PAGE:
1) Best way to keep mosquitos away (on the person when moving about, and in the room when sleeping or working).

Spray with an anti-mosquito spray on yourself when out and about, and get a mosquito plug with refill mats for your room. All hotels and offices have air conditioning here and normally that kills any mosquitos inside. You can also sleep under a mosquito net which many people do, but personally I dont think it is necessary.

2) Type of clothing to protect the skin from insects and the sun, without sweating to death.

The weather is very humid and hot from October to May, and gets cooler the rest of the year. When I say hot and humid, I mean up to 35 degrees with 95% humidity. Therefore, cool cotton clothes are advised.

3) Medications

I would bring cold/flu tablets, panadol, something for stomach bugs and any other medicine you are commonly used to taking. There are pharmacies here which stock a good range of medicine, but if like me you are used to a particular brand (and english instructions) then better to bring a selection along.

4) First aid kit? Emergency items?

Yes, keep a stock of antiseptic, bandages, insect bite cream, etc. All available in pharmacies here, but better to have a stock to start with till your dad gets familiar with going to the shops.
5) Food that won't spoil in storage and can easily be prepared (he cannot cook after all)

I also have some questions about life in Angola:
1) Must most things be purchased with cash or are Visa/Mastercard accepted?

Cash is still really the only way to pay. Credit cards are accepted in some places now (hotels/restaurants) but it is not recommended to use them for security reasons.

2) Is banking secure in a physical sense (robberies/muggings at currency exchange?)

Inside the bank branches you are pretty safe, they are guarded by armed guards etc. Generally you are safe in Angola, but there is alot of petty crime (handbags, mobile phones etc) and many people have guns which they will point at you in order to steal your phone etc, in all cases you are advised to hand over whatever they want and you will be fine. Obviously you dont talk on the street on your mobile phone, or flash your cash about in public places. Best advice is not to draw attention to yourself. But as an 'expat', and I presume your Dad is 'white', you will always stand out here.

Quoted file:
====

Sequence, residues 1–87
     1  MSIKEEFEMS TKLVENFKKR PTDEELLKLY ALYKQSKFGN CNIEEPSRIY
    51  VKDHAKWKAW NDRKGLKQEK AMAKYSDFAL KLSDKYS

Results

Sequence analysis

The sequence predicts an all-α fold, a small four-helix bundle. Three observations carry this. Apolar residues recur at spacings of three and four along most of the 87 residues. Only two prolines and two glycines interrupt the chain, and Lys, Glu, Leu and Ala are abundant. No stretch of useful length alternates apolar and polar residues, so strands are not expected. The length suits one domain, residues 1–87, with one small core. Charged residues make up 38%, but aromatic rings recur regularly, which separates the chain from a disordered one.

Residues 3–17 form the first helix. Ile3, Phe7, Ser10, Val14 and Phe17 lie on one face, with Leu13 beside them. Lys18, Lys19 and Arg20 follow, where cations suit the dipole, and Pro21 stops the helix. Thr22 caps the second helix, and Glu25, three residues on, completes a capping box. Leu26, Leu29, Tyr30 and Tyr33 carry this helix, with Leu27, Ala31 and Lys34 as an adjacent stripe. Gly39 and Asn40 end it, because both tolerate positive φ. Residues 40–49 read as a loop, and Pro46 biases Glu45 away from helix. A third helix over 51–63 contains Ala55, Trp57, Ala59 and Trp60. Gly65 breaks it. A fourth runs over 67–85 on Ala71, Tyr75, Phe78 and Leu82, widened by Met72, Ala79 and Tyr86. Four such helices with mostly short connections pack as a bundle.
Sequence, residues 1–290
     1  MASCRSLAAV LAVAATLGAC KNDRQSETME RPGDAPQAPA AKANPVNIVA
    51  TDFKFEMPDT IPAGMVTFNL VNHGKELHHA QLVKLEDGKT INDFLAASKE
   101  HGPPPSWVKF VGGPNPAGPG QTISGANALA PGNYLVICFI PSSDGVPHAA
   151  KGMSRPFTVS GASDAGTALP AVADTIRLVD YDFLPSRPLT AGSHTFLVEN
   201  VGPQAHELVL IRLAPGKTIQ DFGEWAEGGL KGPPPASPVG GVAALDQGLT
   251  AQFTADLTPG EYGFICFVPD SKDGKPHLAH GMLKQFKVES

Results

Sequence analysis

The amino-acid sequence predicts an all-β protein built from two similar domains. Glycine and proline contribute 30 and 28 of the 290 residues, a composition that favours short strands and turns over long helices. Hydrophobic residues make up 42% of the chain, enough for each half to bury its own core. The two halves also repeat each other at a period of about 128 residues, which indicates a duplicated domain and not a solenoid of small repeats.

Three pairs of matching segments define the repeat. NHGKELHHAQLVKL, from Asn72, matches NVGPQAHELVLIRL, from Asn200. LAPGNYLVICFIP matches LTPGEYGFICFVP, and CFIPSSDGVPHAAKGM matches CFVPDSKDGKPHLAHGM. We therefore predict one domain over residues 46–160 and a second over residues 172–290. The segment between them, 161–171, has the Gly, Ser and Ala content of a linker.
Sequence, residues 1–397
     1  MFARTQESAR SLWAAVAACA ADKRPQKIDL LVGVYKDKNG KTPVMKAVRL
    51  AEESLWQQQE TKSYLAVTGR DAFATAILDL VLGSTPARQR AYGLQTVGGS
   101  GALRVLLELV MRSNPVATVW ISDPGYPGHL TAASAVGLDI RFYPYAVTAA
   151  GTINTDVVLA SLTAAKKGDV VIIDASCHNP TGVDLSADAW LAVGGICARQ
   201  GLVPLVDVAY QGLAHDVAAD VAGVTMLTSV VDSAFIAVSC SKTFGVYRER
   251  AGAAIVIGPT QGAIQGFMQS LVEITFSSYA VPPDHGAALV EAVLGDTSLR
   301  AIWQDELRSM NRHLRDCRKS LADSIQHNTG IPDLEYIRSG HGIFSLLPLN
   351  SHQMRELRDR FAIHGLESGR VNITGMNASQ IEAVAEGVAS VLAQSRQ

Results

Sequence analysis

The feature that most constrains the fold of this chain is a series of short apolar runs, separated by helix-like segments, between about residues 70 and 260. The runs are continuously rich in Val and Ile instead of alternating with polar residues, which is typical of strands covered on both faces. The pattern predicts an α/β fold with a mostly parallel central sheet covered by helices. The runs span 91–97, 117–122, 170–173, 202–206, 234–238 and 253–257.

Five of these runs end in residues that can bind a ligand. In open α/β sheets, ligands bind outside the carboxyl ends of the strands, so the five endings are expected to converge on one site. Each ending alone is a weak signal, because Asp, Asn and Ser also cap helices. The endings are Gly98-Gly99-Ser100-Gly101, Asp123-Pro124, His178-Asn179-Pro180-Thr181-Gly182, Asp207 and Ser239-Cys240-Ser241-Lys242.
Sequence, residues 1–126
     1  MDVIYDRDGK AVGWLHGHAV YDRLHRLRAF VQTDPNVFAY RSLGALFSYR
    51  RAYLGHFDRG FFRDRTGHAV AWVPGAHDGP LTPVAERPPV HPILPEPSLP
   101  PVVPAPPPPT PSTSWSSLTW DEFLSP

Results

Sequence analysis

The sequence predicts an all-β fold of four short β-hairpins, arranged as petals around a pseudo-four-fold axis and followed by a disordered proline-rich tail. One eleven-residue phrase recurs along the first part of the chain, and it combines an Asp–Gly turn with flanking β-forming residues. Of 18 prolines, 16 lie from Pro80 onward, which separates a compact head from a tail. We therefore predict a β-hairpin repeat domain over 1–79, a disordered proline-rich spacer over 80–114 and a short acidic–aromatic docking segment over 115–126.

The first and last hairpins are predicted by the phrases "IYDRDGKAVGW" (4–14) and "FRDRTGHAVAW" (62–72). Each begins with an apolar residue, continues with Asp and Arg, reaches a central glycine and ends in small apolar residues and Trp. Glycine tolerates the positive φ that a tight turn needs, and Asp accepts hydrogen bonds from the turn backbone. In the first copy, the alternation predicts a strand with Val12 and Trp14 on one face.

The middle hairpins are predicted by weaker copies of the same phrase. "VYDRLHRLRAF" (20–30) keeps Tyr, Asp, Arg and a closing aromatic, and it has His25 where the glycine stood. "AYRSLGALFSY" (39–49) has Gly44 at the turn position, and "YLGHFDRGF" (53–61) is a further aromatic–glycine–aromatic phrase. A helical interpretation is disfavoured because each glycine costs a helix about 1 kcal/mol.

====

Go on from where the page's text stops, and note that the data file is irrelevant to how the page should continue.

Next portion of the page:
3) What is the safest way to send money to Angola?

I am not sure. Depending on which Bank your Dad's embassy is using, there is normally an international transfer service. But it depends on the bank. He will need to ask them.

4) Do couriers like FedEx/DHL reach Angola with reliable service?

DHL is big here and i have used it many times between here and South africa and London with no issues.

5) Is hotel food (at say the top 3 hotels in Luanda) considered safe?

Yes, absolutely at the top 3 hotels it is of international standards.

6) Where can English-speaking medical professionals be found using Western-level standards of hygiene?

There is a clinic run by a company called 'International SOS' which has English speaking doctors and good facilities including evacuation. You Dad should join them.

7) Are electrical surges a problem? (i.e. will he need to get adequate surge protection for his computer, etc.)

Yes surge protection is essential as electricity levels fluctuate alot, depending on where you are in the city, and power also goes on and off.


9) What other things should he know? What other information may make his life easier (based on your own experiences)? What are some of the "tricks to success" you have picked up in Angola?

There are alot of expats in Luanda, and lots of embassies. Best advice is to spend the first few weeks meeting as many people as possible and finding out for yourself the lay of the land. Everyone is very friendly and helpful here as we have all been in the same boat at some point or another. Getting a house/office here is very complicated and expensive and that is going to be the toughest part in my opinion. To ease this burden your Dad should be looking to hire some local Angolan staff asap, who know how to get these things done.

I hope this helps.
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Postby dangermouse » Wed 27 Aug 2008 11:45 GMT

I'm guessing that your father is in country now.

If he would like to, I'd be more than happy to introduce him around, and show him some of the ex-pat hangouts, meet for a beer etc.

I've tried to PM you my local cell number, but the PM system didn't work.
You can contact me through the email address in my profile.
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Location: Angola / UK